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Denmark gives a glimpse of tough Covid-19 travel


A Kenya Airways ground crew checks-in passengers at the Jomo Kenyatta International Airport in Nairobi, on August 1, 2020. PHOTO | AFP

Between May and June Isaac Kinyua, a project officer at the Centre for the Multiparty Democracy, was one of 24 Kenyan participants from diverse professional backgrounds, to attend a learning programme on policy dialogue on the sustainable development goals (SDGs) in Denmark.

Being a time when the world is grappling with the Covid-19 pandemic, there were various rules applying to travel to Denmark.

His journey began on May 28.

And while still in Kenya, it was a requirement that he had to undergo a polymerase chain reaction (PCR) Covid-19 test valid for not more than 48 hours.

“I took mine at a centre in Nairobi. Travelling from Nairobi, our first stop was at Amsterdam Airport Schiphol in the Netherlands. We had to go through another test, and in less than one hour we got results,” he explains.

When they reached their destination in Copenhagen, they were required to go for a four-day mandatory isolation at the hostels where they were being hosted.

“Remember this was despite the fact that just a few hours earlier, we had tested negative in Amsterdam,” he says.

The isolation could end after obtaining a negative PCR test taken no earlier than the fourth day after entry.

On the fourth day, there was an arrangement for another Covid-19 test that was done in the rooms, where a negative result would then allow them to freely interact with the public.

“But even despite this, still the Covid-19 protocol of wearing masks, sanitising and maintaining social distance, had to be observed.”

According to him, foreigners who did not have permanent residence in, or a residence permit to, Denmark, had to be able to present a negative PCR test taken no more than 72 hours before the time of entry, or an antigen test taken no more than 48 hours before the time of entry.

“What’s interesting is that the Covid-19 test (PCR and rapid antigen) were free of charge for all foreigners including tourists, and one could show up at many test stations without an appointment. The test results were usually available the day after sampling and often the same day if you get the test done in the morning.”

The testing centre, he says, was mostly operated by very friendly young people.

“It was interesting how the whole process worked. You had to get a local SIM card, and obtain a CPR number, which was a combination of your birthdate, and four zeros, which signified that you are a foreigner. After testing, the results would be sent as an SMS via your local number, where the message contained a link and through it, you could download your corona certificate,” he says.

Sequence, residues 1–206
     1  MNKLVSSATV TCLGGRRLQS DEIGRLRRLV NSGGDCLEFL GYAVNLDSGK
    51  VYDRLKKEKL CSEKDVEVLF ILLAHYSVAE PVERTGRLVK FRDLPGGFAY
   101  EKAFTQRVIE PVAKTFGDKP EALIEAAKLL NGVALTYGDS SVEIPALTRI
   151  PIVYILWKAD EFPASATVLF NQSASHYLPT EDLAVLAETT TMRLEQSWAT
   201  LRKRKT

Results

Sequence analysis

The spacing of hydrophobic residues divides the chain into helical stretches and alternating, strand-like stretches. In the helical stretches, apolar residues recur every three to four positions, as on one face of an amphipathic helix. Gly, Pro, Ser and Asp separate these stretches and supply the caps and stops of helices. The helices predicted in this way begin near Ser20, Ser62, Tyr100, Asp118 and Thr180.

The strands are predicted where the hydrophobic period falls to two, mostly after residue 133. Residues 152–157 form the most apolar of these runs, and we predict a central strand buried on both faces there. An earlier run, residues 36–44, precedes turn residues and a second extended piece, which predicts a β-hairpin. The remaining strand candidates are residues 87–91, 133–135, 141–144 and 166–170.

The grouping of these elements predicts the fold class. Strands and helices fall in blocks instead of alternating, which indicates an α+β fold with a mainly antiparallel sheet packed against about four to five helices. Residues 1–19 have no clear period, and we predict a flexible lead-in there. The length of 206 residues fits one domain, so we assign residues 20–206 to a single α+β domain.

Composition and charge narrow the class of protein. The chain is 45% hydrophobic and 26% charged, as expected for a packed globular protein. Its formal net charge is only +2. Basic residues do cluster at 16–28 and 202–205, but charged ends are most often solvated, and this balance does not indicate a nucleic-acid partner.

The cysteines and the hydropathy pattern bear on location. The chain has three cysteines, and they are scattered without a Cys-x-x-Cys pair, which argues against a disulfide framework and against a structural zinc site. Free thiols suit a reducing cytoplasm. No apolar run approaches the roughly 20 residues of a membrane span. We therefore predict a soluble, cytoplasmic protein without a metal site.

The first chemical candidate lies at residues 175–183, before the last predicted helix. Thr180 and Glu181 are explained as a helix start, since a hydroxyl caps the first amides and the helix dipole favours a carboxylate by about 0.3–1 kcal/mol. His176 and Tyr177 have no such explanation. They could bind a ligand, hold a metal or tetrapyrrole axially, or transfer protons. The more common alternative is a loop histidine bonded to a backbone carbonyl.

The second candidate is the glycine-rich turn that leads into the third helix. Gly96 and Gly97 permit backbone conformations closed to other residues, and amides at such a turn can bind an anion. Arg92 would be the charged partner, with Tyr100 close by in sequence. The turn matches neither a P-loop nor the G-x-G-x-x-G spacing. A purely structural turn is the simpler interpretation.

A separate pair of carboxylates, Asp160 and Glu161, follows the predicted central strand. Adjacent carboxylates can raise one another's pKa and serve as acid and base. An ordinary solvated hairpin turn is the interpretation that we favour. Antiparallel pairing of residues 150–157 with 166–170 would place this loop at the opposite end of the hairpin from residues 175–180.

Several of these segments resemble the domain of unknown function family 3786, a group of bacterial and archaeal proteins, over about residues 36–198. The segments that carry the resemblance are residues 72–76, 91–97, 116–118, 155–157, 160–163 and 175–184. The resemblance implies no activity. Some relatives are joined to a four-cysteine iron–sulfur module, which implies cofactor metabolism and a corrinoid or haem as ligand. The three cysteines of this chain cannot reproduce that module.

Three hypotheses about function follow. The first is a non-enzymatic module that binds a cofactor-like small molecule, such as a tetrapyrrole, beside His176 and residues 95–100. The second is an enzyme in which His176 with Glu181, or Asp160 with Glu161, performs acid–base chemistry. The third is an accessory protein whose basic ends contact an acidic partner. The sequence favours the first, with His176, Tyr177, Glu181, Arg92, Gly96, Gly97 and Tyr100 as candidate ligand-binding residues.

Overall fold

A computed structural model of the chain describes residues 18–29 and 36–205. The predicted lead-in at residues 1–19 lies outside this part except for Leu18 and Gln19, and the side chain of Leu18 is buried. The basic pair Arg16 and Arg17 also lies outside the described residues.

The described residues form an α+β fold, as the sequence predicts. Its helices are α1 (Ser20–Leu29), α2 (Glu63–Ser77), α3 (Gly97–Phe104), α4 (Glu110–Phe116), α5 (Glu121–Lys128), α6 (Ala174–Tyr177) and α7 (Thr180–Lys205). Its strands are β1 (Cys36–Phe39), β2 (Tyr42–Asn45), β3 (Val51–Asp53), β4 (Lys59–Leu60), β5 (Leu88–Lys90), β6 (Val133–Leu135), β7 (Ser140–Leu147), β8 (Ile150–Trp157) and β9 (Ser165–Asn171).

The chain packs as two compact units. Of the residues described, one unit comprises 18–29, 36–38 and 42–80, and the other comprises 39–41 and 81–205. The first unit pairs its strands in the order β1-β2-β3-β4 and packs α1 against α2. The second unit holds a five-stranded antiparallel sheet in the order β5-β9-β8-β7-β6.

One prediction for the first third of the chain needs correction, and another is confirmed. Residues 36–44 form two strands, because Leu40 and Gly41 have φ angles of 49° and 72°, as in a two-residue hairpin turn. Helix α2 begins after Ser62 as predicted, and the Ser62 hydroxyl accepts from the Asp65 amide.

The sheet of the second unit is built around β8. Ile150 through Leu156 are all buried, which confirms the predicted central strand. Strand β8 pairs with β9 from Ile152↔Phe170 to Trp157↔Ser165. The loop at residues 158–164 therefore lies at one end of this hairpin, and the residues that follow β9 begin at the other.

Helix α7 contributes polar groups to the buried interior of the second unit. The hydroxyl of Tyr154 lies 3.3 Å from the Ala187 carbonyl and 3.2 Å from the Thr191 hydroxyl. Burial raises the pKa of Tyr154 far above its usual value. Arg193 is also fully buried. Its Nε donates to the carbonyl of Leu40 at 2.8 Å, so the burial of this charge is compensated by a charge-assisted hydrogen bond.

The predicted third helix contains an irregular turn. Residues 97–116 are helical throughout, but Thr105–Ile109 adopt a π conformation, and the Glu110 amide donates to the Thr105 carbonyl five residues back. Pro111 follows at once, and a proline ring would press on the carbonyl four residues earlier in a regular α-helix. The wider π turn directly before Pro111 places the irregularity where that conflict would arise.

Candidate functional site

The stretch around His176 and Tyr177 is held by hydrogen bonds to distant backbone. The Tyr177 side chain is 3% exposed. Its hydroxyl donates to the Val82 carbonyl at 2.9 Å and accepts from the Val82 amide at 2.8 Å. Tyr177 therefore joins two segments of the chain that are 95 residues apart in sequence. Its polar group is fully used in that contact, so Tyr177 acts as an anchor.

This certificate would help in accessing restaurants, offices and other public buildings.

“Failure to get this certificate, you could risk some hefty penalties, in case you came in contact with the authorities. In my case I never tested positive, but in case of a positive result, then one had to be isolated again,” Mr Kinyua notes.

On the last day of their stay in Denmark, he says, they underwent another PCR testing at the facility.

“On getting to Kastrup airport in Copenhagen, we were required to fill in the international travellers’ health surveillance form from the Kenyan Ministry of Health, and that was it,” he narrates.

Intensive testing

But this is just a small portion of the stringent measures the country had to impose in the fight against the disease. Since the pandemic hit, the country went through very tough restrictions, locking down the country for almost half a year.

“We had intensive testing which was one of our weapons against the pandemic. That also meant that as soon as someone got ill, it was quickly detected and you could do the isolation and make sure those infected didn’t spread it to others. This strategy has been one of the keys of how we were able to keep the disease at bay,” says the Danish Ambassador to Kenya, Ole Thonke.

According to Danish Minister for Development Cooperation and Nordic Cooperation, Flemming Møller Mortensen, apart from building an effective test capacity faster, the country also has a very efficient health data.

But it is the country’s intense vaccination campaign that has proven to be their best weapon in the fight against the pandemic. Right now, close to 75 percent of the Danish population is fully vaccinated which is almost 4.2 million people. Also, up to 90 percent of the high-risk population, have been vaccinated.

“As of September 1, all Covid 19 restrictions in Denmark have been lifted, despite the fact that there is still a 1.37 percent infection rate. Covid-19 is still there but the number of people in hospital and especially ICU is very low. Currently, in the whole of Denmark, only 147 people are admitted in hospitals and 13 in ICU as a result of Covid-19,” explains Mr Thonke.

But with the global skepticism surrounding the pandemic, as well as the vaccination, one would wonder how they managed to win public trust.

The ambassador says the degree of trust between the government of Denmark and its people is very high. Also, he adds, the level of trust between Danes and their scientists and science in general is also very high.

“So, when a vaccine is availed to the public, they know it has been completely investigated, it is safe, reliable and it works, and people don’t have issues taking it. This has highly contributed to the high uptake of the vaccine.”

It also has to do with sensitisation, according to Mr Mortensen.

“We have been doing a lot of sensitisation campaigns about the disease and the importance of vaccination, which gave the masses a sense of understanding about the situation. And with this, it became easier to make people understand the importance of taking these vaccines,” he adds.